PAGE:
Mount Lemmon Air Force Station
Mount Lemmon Air Force Station (1956-1969) - A Cold War U.S. Air Force Radar Station first established in 1956 atop Mount Lemmon near Tucson, Pima County, Arizona. Named Mount Lemmon Air Force Station after the location. Initially assigned a Permanent ID of M-92, later a Sage ID of Z-92. Abandoned as a U.S. Air Force Station in 1969.
Established on 1 Apr 1956 and became operational in August 1956 as Mount Lemmon Air Force Station manned by the 684th AC&W Squadron. The station initially had both a Ground-Control Intercept (GCI) and early warning mission. The early warning mission involved tracking and identifying all aircraft entering their airspace while the GCI mission involved guiding Air Force interceptors to any identified enemy aircraft. Controllers at the station vectored fighter aircraft at the correct course and speed to intercept enemy aircraft using voice commands via ground-to-air radio.
SAGE System Transition
The transition of the manual GCI system to the automated SAGE system began with the installation of the FST-2 coordinate data transmitter and search radar upgrades. The FST-2 equipment digitized the radar returns and transmitted the digital returns to the SAGE direction center. Under the SAGE System, interceptor aircraft were directed to their targets by the direction center computers and controllers, greatly reducing the need for local controllers and equipment at every radar station.
The FST-2 was a very large digital system using vacuum tube technology. Over 6900 vacuum tubes were used in each FST-2 requiring 21 air-conditioned cabinets, 40 tons of air conditioning, 43.5 kva of prime power and usually a large new addition to the operations building. The FST-2B modification added two more cabinets but with newer solid state (transistor) technology to process coded responses from aircraft transponders.
SAGE System Operation
The site began operation as a SAGE site on 1 May 1961 initially feeding the Luke SAGE Direction Center DC-21. The search radar was upgraded to an FPS-20 and an FPS-6 height-finder radar was installed. The search radar was later updated to an FPS-67B.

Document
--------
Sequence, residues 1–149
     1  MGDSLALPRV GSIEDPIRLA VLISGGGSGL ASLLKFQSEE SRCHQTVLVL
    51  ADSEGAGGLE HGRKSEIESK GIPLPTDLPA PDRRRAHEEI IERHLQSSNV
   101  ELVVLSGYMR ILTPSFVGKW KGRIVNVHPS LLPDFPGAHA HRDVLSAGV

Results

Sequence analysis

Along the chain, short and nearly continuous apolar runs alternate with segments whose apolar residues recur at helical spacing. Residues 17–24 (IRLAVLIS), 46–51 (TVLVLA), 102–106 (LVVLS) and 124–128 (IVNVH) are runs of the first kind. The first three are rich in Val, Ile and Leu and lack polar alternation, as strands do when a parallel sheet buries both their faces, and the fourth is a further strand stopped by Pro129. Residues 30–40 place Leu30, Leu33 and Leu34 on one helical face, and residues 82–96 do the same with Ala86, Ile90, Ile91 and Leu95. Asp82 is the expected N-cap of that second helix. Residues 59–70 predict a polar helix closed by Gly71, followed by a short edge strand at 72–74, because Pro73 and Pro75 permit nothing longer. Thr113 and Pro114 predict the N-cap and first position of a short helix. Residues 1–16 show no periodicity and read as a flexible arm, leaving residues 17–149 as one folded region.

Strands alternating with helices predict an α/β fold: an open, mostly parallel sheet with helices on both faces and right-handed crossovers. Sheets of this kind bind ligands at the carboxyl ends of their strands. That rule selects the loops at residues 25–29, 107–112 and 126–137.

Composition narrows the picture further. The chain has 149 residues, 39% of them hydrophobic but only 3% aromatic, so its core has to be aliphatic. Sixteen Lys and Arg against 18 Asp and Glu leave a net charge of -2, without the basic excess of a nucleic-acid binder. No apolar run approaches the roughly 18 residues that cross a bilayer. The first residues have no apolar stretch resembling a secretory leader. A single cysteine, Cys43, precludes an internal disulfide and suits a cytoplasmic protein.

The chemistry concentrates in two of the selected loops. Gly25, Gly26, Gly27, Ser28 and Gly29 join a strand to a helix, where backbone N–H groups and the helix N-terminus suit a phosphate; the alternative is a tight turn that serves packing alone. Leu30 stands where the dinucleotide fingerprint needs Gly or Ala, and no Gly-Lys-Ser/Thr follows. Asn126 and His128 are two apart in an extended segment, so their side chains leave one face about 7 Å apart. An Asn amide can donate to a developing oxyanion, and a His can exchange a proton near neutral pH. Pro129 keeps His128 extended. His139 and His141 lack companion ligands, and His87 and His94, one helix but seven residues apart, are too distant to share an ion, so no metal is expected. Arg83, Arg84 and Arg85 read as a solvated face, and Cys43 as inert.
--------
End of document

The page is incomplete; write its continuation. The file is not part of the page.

Mount Lemmon AFS was responsible for the maintenance of three remote unattended gap-filler radar sites. The gap-filler sites were placed in locations where the main search radar lacked coverage. These sites sent digitized radar target data directly to a direction center. Maintenance teams were dispatched from Mount Lemmon AFS for regularly scheduled maintenance or when fault indicators suggested the site had problems. The Mount Lemmon AFS gap-filler radars were located at Sells, Benson and Globe, Arizona.
The physical plant of the site was divided into the main site, a cantonment area and a radio site. The main site housed the operations buildings, the radar towers, and the backup generators. The cantonment area housed the enlisted barracks, the bachelor officer's quarters, the orderly room, the dining hall, the motor pool and other support buildings.
Housing for married personnel and some single personnel was provided at Davis-Monthan Air Force Base some 40 miles away. The road from Tucson to Mount Lemmon rose from 2,700' at Davis Monthan to 9,125' at the site. Transportation between Davis-Monthan and the radar site was initially by private and government vehicles but was later provided by contract busses.
A separate Ground to Air Transmitter/Receiver (GATR) radio site housed the radio equipment for directing aircraft intercepts.
Repurposed as Steward Observatory, Mt. Lemmon Station, University of Arizona, Pima County, Arizona. Some of the original site buildings have been repurposed, some have been destroyed and at least one moved and resused at a lower level visitor center. One of the radar towers remains but with a smaller radar bubble attached.
Visited: 15 Mar 2015